Why the Zeiss 21mm Distagon T* lens Rocks for aurora photography
I’ve always liked Don McLean’s song “Starry, starry night”, about Vincent van Gogh. This scene made me think of it, with the profusion of stars broadcast across the sky. I love the night sky and am so glad I live in a place that offers a light-pollution-free experience of the star-studded theater overhead. It is possible to photograph the aurora borealis in all moon phases, but the sky absent of a moon will render this starry sky look. While out photographing last week, I was amazed at how warm it was for early March. I did not even use hand warmers, which is very rare for me. And by warm, I mean around 10 degrees F. While the March season is fantastic for aurora, the cold weather can hinder your performance. One of the main challenges is getting your lens in critical focus and if this requires the use of live view – which is the case with my Nikkor 14-24 lens mounted on a Canon body – then it requires bare hands for a while to apply tape once focus is secured. If this is not ringing clear to you, I’ve written about it in detail in my recent eBook on How to Photograph the Northern Lights. But this night, I wanted to try out another lens that ranks high for aurora photography in all essential categories: The Zeiss 21mm Distagon T*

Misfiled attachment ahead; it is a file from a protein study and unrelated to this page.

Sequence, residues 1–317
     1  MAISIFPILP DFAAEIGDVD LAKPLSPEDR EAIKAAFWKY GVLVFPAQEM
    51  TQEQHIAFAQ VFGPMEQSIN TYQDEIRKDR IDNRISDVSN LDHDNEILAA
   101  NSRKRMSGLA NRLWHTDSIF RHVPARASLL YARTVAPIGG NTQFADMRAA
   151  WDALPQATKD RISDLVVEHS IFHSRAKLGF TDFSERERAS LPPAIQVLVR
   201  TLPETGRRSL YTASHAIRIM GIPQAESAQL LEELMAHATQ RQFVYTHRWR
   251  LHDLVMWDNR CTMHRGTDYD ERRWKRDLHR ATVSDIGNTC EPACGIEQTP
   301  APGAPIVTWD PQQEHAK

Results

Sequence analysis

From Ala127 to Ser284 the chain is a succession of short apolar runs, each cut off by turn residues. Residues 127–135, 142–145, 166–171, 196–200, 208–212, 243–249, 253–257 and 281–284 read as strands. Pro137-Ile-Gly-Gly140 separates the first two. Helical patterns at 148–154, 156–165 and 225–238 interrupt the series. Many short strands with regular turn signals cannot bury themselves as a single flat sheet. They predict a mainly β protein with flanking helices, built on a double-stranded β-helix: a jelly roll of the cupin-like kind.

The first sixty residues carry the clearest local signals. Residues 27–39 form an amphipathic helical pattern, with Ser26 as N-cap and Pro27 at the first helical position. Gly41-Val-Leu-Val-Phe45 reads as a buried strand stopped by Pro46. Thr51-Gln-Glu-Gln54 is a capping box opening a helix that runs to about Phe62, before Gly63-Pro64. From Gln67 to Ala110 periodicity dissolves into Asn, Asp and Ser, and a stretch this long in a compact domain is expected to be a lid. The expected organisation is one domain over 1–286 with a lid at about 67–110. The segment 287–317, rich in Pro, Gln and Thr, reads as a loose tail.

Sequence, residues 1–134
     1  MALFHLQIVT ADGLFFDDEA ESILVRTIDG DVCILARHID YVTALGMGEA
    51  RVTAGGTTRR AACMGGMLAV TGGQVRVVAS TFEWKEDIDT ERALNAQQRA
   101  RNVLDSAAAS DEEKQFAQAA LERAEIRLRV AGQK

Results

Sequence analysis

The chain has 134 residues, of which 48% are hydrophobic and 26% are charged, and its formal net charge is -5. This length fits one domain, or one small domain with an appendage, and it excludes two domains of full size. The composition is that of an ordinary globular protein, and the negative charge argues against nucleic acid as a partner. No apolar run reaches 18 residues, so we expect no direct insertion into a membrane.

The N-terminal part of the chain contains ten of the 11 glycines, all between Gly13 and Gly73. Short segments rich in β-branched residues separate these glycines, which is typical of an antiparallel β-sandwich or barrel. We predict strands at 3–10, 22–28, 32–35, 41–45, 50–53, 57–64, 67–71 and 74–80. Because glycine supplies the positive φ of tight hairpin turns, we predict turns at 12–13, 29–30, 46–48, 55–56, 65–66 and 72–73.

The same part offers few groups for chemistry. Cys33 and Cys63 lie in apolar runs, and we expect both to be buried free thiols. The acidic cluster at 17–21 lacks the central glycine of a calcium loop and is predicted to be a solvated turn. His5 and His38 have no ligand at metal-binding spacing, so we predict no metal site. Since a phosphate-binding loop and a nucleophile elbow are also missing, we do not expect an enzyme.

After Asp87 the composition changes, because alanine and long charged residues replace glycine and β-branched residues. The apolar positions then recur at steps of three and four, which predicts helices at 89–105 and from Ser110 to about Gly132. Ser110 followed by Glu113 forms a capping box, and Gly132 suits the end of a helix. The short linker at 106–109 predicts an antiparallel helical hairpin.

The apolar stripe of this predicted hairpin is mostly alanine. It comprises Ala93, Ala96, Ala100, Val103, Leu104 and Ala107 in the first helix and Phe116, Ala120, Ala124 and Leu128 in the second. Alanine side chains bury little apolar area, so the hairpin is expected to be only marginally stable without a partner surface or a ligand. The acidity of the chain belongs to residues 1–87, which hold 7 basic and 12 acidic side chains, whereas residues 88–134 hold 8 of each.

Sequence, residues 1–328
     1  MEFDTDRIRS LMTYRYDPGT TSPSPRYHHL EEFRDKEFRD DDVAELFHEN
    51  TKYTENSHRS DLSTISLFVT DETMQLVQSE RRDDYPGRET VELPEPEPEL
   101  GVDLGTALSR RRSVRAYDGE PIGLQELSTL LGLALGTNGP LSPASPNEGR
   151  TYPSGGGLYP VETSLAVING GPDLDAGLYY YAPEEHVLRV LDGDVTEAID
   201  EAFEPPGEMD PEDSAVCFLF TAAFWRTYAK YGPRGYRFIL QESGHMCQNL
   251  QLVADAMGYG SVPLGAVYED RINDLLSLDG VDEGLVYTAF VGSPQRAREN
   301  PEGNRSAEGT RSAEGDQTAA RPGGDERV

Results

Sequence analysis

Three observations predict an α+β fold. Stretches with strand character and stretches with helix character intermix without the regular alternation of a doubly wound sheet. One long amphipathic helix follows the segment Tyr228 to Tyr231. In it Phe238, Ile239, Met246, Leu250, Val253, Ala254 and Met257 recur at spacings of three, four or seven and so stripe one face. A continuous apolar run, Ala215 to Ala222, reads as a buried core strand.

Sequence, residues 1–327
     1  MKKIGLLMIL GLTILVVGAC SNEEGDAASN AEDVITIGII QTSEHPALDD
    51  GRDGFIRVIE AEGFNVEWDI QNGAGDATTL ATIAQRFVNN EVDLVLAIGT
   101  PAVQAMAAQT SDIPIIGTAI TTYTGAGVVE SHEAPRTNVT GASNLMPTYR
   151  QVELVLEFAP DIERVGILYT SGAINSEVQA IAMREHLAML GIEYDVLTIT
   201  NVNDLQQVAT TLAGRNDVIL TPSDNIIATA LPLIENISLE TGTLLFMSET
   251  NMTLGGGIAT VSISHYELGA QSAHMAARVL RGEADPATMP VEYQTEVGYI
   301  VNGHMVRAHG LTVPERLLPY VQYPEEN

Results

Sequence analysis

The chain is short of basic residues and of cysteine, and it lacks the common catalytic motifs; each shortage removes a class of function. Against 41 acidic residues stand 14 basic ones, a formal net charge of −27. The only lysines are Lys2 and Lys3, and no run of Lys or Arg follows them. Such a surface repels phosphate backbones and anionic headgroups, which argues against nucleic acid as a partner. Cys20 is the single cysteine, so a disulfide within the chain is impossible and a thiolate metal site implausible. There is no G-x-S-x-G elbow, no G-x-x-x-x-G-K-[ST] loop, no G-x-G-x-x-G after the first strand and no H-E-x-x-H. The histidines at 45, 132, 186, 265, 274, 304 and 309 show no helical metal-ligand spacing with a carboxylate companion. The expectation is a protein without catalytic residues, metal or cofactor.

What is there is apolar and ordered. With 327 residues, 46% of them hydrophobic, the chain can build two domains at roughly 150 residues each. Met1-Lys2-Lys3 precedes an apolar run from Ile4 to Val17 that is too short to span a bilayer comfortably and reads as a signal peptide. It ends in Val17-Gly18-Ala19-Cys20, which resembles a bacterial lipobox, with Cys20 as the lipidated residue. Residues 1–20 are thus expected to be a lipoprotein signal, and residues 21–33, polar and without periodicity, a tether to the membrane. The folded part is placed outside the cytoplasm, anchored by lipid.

- Optical Quality – Extremely sharp
- Ease of use – i.e., Super easy to focus
- Price – Very expensive!
- Speed – f/2.8, Fast enough for aurora
- Wide angle – Expansive at 21mm
Besides the obvious concern for quality – the biggest advantage of this lens is that when you turn the manual focus ring to infinity, it actually is infinity, unlike the other autofocus lenses on the market today. Because of this, there is no pre focus measures that need to be taken and no messing around in the dark trying to use live-view to secure solid, critical focus. For this reason, I’d like to make it a mandatory lens for the participants of my photo tours, but who can require a $2000 lens! It is expensive indeed. It can be rented however, at about $150 for 2 weeks from www.borrowlenses.com. It is available in mounts for Canon and Nikon. If you want a fool-proof, critical focus lens for your next aurora trip, this is it.